By Emeka Obasi
Somalian dictator, Mohamed Siad Barre, found home in Nigeria following his ouster in 1991 and rejection by Kenyan opposition when he arrived Nairobi for refuge. The maximum ruler died in Lagos five years later and it appears his blood soaked evil spirit is hovering all over the nation.
I received the good news that President Muhammadu Buhari has asked for help from the United States to tackle the unprecedented flood of insecurity that may consume the country and perhaps create a mass of refugees all over the the West African Sub Region.
Buhari bent backwards to ask America to move the headquarters of the United States Africa Command ( USAFRICOM) from Stuttgart Germany to Africa. His request was made through Secretary of State Anthony Blinken.
It is a welcome development because the US courted Nigeria in 2008 when AFRICOM became operational. At that time, Abuja rejected plans to locate the Intercontinental military formation on Nigerian soil. There were less security issues to deal with.
I join my voice with that of President Buhari and add that AFRICOM should move down to Nigeria as soon as possible before we find ourselves in another Somalia. I have a feeling that Port Harcourt will serve as a suitable headquarters.
The Garden City hosts some of our Petro wealth and as a port, will be useful in the fight against sea pirates in the Gulf of Guinea which may become a bigger problem if not tackled at the same time as insurgency, banditry and other nascent forms of violence.
AFRICOM is like a Nigerian project. It was established on October 1, 2007. A year later, October 1, 2008, it became operational. The United States Special Operations Command, Africa became effective on October 1, 2009. These dates are historic. Nigeria became independent on October 1, 1960 and a Republic on October 1, 1963.
The first Commander of AFRICOM, General William ‘Kip’ Ward, served in Somalia as part of American intervention, known as ‘Operation Restore Hope’. Nigerian troops were also in Somalia at the same time. Ward a bagged a Master’s degree in Political Science, from the Pennsylvania State University. That is the story of Dr. Nnamdi Azikiwe, our first president.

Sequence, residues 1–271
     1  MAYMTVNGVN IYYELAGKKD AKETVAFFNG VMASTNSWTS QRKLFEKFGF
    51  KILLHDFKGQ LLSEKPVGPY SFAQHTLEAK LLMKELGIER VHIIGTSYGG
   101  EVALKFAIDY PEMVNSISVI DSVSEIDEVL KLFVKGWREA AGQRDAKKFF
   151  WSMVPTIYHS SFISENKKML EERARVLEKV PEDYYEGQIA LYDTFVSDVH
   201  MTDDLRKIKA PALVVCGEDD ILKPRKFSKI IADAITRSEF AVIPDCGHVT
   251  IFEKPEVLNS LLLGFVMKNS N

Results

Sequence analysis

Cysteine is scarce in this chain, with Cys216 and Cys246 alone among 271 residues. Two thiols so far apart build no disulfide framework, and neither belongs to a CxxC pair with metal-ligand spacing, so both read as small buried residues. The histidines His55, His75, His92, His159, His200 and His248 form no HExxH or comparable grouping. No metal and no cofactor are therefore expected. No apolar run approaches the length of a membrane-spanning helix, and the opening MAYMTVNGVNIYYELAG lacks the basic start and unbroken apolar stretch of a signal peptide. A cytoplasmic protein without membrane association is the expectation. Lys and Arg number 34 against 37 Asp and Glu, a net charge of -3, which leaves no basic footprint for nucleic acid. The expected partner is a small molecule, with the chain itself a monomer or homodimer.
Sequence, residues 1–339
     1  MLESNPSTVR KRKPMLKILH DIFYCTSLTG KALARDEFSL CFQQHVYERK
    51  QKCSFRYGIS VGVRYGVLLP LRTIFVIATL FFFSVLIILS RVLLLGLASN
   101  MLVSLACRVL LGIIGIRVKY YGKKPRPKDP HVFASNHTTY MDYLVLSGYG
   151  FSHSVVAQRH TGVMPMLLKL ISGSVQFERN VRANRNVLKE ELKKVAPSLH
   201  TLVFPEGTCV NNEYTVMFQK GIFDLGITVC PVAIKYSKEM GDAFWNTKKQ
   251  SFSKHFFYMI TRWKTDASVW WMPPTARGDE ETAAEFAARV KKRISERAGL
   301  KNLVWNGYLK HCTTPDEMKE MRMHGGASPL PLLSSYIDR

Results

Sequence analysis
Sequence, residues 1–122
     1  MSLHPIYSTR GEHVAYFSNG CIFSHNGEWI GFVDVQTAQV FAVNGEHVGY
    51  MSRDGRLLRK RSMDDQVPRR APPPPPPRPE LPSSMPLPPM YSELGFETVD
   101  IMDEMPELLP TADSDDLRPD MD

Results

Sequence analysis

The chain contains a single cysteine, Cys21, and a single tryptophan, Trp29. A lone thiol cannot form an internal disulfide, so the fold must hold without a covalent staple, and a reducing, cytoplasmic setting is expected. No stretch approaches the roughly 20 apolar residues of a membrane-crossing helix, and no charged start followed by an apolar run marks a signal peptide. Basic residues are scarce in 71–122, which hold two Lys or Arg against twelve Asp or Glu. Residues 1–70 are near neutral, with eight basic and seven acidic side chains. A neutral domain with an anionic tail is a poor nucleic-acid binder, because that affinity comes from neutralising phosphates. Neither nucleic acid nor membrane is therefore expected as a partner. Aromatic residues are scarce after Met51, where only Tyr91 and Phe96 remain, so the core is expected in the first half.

Barre and Somalia should be eternally grateful to Nigeria. Unfortunately, we have been repaid in very bad coins. As AU Chairman, I guess Gen. Ibrahim Babangida tried to help a fallen colleague who was rejected at home and in Kenya. The man lived and died in Lagos. His body was taken back home for burial.
Nigerian troops of the 23rd Brigade captured Mogadishu from Italy in February 1941, during the Second World War. In March, they took Degehabur and Jijiga, both in the Somali part of Ethiopia. Brave warriors of First Battalion, Nigerian Regiment, advanced to Harar and Dire Dawa. Barre was part of that East African campaign where Nigerians freed his country.
The Nigerians returned to Somalia in 1993 after granting Barre assylum. They were part of a United Nations Peace Keeping Force, UNOSOM II. Twenty three other nations were involved with the United States assuming leadership.
The contingent of 29 officers and 621 soldiers from 245 Reconnaissance Battalion, was led by Lt.Col Olagunsoye Oyinlola. On September 5, 1993, seven Nigerian soldiers were killed at Checkpoint Pasta in what drew reminiscences of the Second World War.
Oyinlola accused Italian Peace Keepers under Gen. Bruno Loi of doing nothing while Somalians loyal to warlord, Mohamed Farrad Aidid, fired at the Nigerians. The Italians had gone into a pact with the locals on how to man a particular checkpoint. That was unknown to ‘Ola Recce’ and his boys.
Oyinlola was lucky to return to Nigeria in one piece and subsequently became Military Governor of Lagos and civilian governor of Osun State. Some of his soldiers came back with injuries. One of them had to plead for his life by telling Somalian captors that he was a Muslim like them.
Somalia is an irony. The people are nearly united by one language and culture. Like the Fulani of Nigeria, they are pastoralists. At a time, Barre toyed with the idea of uniting all Somali in Somalia, Djibouti, Ogaden Ethiopia and North Eastern Kenya. He called the union Greater Somalia( Soomaaliweyn).
And he embarked on war to achieve that lofty dream. In 1977, Somalia attacked Ogaden, Ethiopia. What began well for Barre ended in disaster as his erstwhile friends, the Soviet Union, abandoned him for Ethiopia and paved way for Cuban troops to join the fight. Somalians were beaten back.
That was the Siad Barre that was later toppled by some of his former allies and forced to flee the country. He was a man of sorrow, tears and blood. Kenya rejected him. The Nigerian government welcomed the bloody man. In 1995, Barre died in Lagos.
His evil spirit seemed restless. From a very peaceful nation, Nigeria has become a High risk location dreaded by investors. There is a subtle plan by the Fulani all over West Africa to settle in Nigeria something akin to Barre’s plan for the Somali in Greater Somalia.
While on exile in Nigeria,Barre did not know that many Igbo who saw the Civil War detested him. Carl Gustaf von Rosen, the Swede who fought for Biafra with his five Malmo MFI-9 minicons, was killed by Somalian troops in Gode, Ethiopia during the Ogaden War.
AFRICOM is the best thing to happen to Nigeria. The Commander, Gen. Stephen Townsend, was just 10 when Barre emerged as leader of Somalia in 1969. He was in service away from Africa, during the Battle of Mogadishu that consumed a platoon or more of American fighters. Nigeria will not become another Somalia.